My current home doesn't have a verandah but I'd like it to! A long porch surrounding the entire house. With a porch swing, potted blueberry plants, and a long strong dog laying at my feet. The sweet smell of lrosemary and freshly-turned soil wafting across my yard. The chickens clucking contentedly as they scratch for goodies in the fertile dirt. Knowing we have a full root cellar, trees in the orchard about to drop their bounty, and soup made all from hand-picked harvests bubbling in the crockpot. Heaven.

Please move with me over to my current blog, www.rosemary-ridge.blogspot.com ... thank you!

Cheap chicken coops and houses

When we acquired our 5 new chickens last week, it was interesting to see the former owner's layout. She had quite a few chicken coops (runs/pens) laid out in almost a maze, made out of various sizes of dog kennels (mostly chain link, most of them with ceilings). She had only one semi-large one (she called it "chicken town") that was made with actual fencing and no ceiling, which meant the chickens often escaped to either be eaten, tormented by their dogs, or to fly back home at dusk.

She got most of the dog kennels free, or from craigslist, or from neighbors.

As far as the housing goes, several of these coops had just an upturned dog-carrier half. A few had just a wooden box with a hole cut in it for chicken access and egg collecting. I don't recall seeing a "proper" chicken house there.

We've got two different kinds of chicken houses, and working to go the cheaper route.

What you need:

-DON'T get caught up in the chicken housing hype.
-DON'T spend a lot of money if you don't want to.
-DON'T think your chickens need airtight housing for winter (cold climates).
-DON'T think the chicken house has to be pretty; it's YOUR choice, not theirs

-provide a place with good ventilation (to avoid respiratory problems)
-waterproof (at least the house part, not the run)
-easy to clean out (rake, shovel, move the coop, etc.)
-nesting box should be off the ground (in house)
-easy access to nesting boxes to collect eggs
-bar (broom handle, dowel rod, 2x2) to roost on, at least 1 foot up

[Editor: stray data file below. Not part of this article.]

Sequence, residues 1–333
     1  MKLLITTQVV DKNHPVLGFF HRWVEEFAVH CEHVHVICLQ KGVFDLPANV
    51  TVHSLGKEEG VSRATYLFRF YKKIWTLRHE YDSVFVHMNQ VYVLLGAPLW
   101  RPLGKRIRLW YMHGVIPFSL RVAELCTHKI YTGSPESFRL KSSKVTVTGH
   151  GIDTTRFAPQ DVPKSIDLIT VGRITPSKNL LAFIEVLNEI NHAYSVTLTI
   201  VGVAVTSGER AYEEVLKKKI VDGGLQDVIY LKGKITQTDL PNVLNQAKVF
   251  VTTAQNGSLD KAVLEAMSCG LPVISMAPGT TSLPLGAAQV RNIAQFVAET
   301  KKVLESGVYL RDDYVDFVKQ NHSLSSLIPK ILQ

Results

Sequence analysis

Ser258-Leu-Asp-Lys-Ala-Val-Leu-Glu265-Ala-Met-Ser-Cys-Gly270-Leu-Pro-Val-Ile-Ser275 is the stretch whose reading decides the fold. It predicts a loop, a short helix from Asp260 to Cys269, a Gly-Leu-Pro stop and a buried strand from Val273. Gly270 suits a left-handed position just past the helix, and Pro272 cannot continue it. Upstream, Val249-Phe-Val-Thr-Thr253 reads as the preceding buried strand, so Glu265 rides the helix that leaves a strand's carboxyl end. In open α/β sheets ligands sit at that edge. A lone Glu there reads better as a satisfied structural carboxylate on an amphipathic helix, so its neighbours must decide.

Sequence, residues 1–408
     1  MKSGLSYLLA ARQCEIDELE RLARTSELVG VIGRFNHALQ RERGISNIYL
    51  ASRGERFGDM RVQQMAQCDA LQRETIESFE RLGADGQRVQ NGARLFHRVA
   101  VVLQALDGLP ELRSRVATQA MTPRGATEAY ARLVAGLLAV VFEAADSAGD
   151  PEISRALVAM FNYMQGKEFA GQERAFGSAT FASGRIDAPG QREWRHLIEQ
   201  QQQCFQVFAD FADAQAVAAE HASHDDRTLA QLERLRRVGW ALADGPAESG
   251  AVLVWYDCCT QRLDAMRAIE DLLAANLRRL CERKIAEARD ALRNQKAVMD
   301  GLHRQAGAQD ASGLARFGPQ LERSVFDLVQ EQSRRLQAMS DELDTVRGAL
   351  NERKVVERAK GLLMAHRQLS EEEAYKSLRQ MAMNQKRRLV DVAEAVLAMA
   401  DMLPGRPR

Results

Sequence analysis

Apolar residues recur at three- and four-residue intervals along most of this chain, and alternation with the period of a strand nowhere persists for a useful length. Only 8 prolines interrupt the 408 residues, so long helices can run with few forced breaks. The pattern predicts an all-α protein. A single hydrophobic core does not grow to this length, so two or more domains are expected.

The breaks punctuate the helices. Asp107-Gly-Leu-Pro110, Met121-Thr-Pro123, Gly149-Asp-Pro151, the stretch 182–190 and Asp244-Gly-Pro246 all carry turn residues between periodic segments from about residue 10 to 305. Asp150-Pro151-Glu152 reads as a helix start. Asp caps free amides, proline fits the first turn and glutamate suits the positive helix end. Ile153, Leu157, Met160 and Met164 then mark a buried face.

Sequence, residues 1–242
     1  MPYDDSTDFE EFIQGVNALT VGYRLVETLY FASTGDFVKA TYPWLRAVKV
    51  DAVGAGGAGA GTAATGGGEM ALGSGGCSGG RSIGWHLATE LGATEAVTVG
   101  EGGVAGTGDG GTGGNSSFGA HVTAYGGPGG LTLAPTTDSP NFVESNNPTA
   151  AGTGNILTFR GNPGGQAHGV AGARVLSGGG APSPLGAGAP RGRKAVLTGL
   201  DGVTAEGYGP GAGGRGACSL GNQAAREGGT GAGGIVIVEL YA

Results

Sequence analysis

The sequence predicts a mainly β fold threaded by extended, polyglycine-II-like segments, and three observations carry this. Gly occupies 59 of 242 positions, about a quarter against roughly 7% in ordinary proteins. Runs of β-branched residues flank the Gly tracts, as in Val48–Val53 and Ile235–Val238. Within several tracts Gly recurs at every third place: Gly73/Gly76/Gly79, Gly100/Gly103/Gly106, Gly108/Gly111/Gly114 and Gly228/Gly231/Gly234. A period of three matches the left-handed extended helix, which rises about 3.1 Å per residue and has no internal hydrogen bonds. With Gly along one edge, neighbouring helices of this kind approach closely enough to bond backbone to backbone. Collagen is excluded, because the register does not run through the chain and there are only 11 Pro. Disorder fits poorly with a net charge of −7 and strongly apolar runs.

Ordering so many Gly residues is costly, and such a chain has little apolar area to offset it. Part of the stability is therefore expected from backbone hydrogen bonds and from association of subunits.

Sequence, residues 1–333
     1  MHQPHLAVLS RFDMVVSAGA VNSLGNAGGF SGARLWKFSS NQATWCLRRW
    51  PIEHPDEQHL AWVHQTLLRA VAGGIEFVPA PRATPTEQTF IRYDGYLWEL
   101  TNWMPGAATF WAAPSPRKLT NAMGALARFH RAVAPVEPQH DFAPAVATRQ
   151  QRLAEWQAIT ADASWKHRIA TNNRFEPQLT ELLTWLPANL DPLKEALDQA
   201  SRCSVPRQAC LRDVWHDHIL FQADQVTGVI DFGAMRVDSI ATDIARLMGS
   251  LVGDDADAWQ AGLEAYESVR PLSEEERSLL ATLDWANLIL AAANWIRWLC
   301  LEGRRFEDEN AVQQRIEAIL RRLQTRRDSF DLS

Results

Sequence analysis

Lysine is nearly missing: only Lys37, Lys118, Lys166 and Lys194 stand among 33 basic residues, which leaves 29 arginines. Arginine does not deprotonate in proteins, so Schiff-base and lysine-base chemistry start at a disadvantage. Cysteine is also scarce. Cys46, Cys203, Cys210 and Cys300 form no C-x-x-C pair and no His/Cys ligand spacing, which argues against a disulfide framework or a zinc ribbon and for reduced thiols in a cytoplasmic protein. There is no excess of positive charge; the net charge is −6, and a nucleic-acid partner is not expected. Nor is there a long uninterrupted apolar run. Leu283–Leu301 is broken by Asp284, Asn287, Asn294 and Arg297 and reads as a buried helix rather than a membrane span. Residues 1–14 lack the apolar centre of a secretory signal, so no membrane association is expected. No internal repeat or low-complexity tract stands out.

-4.5 square feet of space per chicken (in house)
-9" of bar/roost per chicken
-1 nesting box/area per 3-4 chickens
-space for chicken feeder under cover so it doesn't get wet
-an easy way to fill feeder on a regular basis
-waterer can be outside house but still in pen/run
-an easy way to fill waterer on a regular basis
-safe so put poultry netting or screening or tarp over pen/run
-protection from sun, wind, rain, snow (that's where the tarp is handy)

We use 6'x10' chain link dog kennels for our chicken runs/pens/coops. Over the top we place tarps but they collect rain water and dip in the middle. Working on a solution to that BEFORE the winter snowstorms come.
Also, we have ferocious winds out here on the plains, so we rope the "dog kennels" together, and them to the perimeter fence which was set in concrete). If we didn't, the tarps will make the kennels into kites and take off for parts unknown. Or you could drive swing set anchors into the ground.

NESTING BOXES:
Don't buy those pre-made boxes if you don't want to. We bought some and our hens don't like them. We used the golf ball and plastic easter egg trick (placed them in the nest so the hens would get the hint) but the hens kick them onto the ground and lay their eggs where the plastic eggs fall. Go figure. We dealt with it, left the egg where they put it, and just collect the eggs from the haypile on the ground!

Still, we have hope. We bought some cheapo plastic "laundry" baskets from the dollar store. I also found some file boxes at the thrift store. Use whatever you can find because, again, the chickens just don't care. Just make sure it has some hay there and a lip (edge) so the egg won't roll out.

We're also (possibly) going to use some buckets like shown in this pic I found on the internet. Needs a lid cut in half, and a way to sturdy the bucket to keep it from rolling around. I actually saw this at someone else's farm and her girls loved it. Plus the plastic makes it VERY easy to clean.

= = =

The moral of the story is that the chickens DON'T CARE what their coop looks like ... they roost in trees in the wild, and peck all day on the ground. The aesthetics is for YOU, their human.

We're challenging ourselves to build a cheap chicken house this weekend. Will start with a $189 6x10 dog kennel and an 8x10 tarp over that. We might use some shelves we found in the workshop when we moved here. And possibly a dog kennel we got at a yard sale a couple of months ago.

I'll post pictures when it's done.

1 comment:

Viki said...

what fun, I'd love to see pictures of what you come up with. My situation is very different. I'm in the research stage of chickens after finding out that I can Actually HAVE chickens in Louisville. Of course any chicken house would have to look nice in the neighborhood, and I'm only allowed 5 hens.
I live on a corner lot and backyard space is limited.
BTW, I have a friend in California who gets eggs from a walnut farm, the hens eat the walnuts too and the eggs are wonderful and very high in omega 3's. but costly at $6 a doz. So plant your walnut trees!